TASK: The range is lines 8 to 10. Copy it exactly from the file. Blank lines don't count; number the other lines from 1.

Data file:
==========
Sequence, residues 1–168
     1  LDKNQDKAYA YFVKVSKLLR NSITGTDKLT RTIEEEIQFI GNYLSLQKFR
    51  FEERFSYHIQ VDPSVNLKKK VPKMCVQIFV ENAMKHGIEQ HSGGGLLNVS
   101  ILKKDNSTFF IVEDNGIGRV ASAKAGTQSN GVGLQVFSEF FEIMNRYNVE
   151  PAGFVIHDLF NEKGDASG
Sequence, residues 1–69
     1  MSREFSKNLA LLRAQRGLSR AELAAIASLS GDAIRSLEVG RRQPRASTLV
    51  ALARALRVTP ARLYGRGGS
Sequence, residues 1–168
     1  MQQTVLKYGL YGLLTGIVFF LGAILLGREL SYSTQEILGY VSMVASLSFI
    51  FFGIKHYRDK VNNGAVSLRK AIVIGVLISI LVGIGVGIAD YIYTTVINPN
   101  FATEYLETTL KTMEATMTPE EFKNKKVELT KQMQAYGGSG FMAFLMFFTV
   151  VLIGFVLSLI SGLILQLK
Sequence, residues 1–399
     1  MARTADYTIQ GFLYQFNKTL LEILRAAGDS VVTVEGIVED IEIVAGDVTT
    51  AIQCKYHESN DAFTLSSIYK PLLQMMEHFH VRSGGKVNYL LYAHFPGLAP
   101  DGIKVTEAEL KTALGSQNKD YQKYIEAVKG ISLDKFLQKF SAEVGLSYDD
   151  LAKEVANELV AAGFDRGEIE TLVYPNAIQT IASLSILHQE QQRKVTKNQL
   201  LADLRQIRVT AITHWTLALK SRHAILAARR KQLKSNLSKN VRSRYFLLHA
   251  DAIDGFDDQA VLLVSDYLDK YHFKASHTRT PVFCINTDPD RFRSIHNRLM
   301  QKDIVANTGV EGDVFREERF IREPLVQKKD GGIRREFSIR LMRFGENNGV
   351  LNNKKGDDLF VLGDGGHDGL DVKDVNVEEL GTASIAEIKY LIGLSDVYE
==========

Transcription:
    51  ALARALRVTP ARLYGRGGS
Sequence, residues 1–168
     1  MQQTVLKYGL YGLLTGIVFF LGAILLGREL SYSTQEILGY VSMVASLSFI